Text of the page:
Wrestling With Scrivener

After nearly two decades of being a MS Word power user I finally decided to invest into Scrivener. I have to say I’m actually horrified at the amount of things I have to learn (according to the manual) to become prolific in this thing, but oh well, shiny coin already spent. I don’t know if I’m going to regret my decision, because I didn’t do it before I started my new book. I don’t find the experience of moving to a new software fun and not because I hate learning new things. Even this simple task of importing text threw me out of my comfort zone. 😀 Anyway, here I am, in the middle of transferring my manuscript. Good it is only some 70k. I’m actually thinking of doing the same with my previous books, just to keep them all in one place.

I feel like a damn newb. >_<
I feel like a damn newb.

This whole affair will definitely slow me down from my writing, but no more than 800 hours of playing Skyrim did. And this game introduced me to the hell of a simulation sickness before my suffering was mitigated enough and I could enjoy it. 😀


So, yeah, Scrivener, challenge accepted.

Jeno Marz
JENO MARZ is a science fiction writer from Latvia, Northern Europe, with background in electronics engineering and computer science. She is the author of two serial novels, Falaha’s Journey: A Spacegirl’s Account in Three Movements and Falaha’s Journey into Pleasure. Marz is current at work on a new SF trilogy. All her fiction is aimed at an adult audience.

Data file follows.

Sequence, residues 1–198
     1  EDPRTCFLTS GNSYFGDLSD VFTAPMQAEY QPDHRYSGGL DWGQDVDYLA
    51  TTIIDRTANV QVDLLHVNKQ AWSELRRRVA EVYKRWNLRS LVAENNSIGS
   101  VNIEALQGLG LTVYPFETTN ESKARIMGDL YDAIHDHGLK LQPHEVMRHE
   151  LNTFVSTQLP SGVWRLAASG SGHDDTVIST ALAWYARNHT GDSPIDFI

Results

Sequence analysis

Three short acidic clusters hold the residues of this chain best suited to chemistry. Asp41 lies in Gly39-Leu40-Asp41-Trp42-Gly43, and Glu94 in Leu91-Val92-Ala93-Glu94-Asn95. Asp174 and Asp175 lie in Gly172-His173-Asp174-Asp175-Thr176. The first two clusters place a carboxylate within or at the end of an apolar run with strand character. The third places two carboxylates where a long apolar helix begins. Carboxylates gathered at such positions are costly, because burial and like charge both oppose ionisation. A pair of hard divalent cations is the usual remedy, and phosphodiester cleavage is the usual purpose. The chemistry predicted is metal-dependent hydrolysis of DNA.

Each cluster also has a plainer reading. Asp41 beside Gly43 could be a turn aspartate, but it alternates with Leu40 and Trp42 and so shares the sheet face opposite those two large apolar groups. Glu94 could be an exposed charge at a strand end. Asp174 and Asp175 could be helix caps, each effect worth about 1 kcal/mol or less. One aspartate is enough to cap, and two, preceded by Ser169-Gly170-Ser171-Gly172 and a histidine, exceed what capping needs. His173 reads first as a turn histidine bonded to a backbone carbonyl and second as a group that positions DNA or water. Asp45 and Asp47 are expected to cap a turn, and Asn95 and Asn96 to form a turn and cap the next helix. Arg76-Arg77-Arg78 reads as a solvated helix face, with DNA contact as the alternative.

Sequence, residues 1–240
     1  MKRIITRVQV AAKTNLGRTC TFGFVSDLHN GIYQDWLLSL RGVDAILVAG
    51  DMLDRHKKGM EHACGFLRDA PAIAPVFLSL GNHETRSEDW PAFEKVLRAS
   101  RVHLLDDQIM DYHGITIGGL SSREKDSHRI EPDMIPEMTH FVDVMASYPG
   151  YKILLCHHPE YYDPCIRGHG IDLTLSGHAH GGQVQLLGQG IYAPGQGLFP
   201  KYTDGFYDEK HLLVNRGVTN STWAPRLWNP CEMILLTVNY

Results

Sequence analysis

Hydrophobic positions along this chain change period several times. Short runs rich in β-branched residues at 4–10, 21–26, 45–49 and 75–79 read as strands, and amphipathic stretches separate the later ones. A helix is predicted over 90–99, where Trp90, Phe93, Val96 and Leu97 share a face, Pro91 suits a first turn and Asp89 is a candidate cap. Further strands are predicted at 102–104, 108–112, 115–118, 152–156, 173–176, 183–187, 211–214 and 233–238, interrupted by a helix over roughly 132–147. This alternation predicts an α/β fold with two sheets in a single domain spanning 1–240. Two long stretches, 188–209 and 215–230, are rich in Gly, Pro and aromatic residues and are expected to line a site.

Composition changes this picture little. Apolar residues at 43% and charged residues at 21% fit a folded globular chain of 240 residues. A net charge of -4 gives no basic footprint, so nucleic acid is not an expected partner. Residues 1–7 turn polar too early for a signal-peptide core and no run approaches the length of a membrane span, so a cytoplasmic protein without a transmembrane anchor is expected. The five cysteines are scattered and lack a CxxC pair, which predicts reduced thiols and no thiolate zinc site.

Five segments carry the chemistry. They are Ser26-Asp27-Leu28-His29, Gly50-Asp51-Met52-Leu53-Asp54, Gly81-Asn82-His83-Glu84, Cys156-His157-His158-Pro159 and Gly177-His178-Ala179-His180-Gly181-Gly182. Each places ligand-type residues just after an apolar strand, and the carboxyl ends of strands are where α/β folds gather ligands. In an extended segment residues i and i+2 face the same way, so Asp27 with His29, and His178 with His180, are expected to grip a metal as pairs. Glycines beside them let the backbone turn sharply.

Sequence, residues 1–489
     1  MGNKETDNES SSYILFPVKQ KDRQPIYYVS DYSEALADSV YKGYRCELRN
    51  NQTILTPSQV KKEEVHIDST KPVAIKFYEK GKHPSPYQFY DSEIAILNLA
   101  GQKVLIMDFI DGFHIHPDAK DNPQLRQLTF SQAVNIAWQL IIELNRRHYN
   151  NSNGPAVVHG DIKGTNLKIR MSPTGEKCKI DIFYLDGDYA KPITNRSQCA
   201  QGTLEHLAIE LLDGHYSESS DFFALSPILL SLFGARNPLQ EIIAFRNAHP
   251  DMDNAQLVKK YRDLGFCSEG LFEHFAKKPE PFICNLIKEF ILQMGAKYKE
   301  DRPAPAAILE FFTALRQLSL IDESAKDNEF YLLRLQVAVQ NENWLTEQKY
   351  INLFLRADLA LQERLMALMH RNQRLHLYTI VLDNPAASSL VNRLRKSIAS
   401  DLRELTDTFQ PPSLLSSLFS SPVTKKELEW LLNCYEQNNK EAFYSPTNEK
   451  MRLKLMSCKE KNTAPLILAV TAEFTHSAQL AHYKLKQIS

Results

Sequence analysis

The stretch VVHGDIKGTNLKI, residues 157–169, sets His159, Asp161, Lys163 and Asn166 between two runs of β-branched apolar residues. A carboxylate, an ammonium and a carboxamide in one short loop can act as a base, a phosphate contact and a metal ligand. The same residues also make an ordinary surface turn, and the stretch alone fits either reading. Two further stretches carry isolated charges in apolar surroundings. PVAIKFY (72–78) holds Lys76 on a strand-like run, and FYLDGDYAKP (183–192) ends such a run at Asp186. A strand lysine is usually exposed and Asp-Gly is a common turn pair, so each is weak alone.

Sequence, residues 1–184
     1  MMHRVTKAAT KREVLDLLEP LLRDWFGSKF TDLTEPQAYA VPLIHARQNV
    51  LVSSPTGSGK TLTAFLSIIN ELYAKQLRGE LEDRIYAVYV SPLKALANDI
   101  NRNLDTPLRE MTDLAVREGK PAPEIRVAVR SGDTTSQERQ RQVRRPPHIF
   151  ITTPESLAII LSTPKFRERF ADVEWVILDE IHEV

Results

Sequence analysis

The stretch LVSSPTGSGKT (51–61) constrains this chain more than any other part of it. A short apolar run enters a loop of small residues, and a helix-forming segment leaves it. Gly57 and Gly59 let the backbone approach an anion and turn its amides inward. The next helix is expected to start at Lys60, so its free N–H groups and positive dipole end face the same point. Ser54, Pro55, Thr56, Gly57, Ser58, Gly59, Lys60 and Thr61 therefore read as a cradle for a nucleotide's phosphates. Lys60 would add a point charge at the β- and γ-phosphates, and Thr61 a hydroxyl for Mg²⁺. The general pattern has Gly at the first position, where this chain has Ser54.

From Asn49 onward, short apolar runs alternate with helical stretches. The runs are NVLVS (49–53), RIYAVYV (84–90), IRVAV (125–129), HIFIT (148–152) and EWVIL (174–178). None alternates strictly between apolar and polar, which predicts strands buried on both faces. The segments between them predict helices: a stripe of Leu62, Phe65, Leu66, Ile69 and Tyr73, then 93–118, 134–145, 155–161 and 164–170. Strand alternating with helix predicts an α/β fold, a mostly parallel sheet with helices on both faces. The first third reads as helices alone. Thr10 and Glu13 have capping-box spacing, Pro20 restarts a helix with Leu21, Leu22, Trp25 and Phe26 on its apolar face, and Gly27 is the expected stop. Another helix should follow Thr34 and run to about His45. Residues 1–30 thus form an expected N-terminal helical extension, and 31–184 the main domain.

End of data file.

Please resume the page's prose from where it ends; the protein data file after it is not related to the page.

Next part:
1. I love Scrivener, and with the copious amount of notes you take and research you compile, I’m sure you’ll find a lot of use in its various features. The corkboard is my FAVORITE for fleshing out a scene and playing around with the structure of a story. 🙂

    1. I’m fairly simple with my writing, doing one chapter (or a scene within the chapter) at a time. Mostly in a linear fashion, even if the story itself is not always so. It’s just how my mind works and I found it easy writing in MS Word. I wrote two LONG books like this.

      I don’t put research into Scrivener actually, now when I’m fairly familiar with it. I still prefer separate files and file folders of the computer file/folder system to structure my library and work. I’m just used to doing things like this. I just know what to back up and where then, without a BIG batch of files to export every time I update something.

      I still don’t know if I ever get used to Scrivener though. I’m not particularly fond of extra tools besides actual open blank page. 😀

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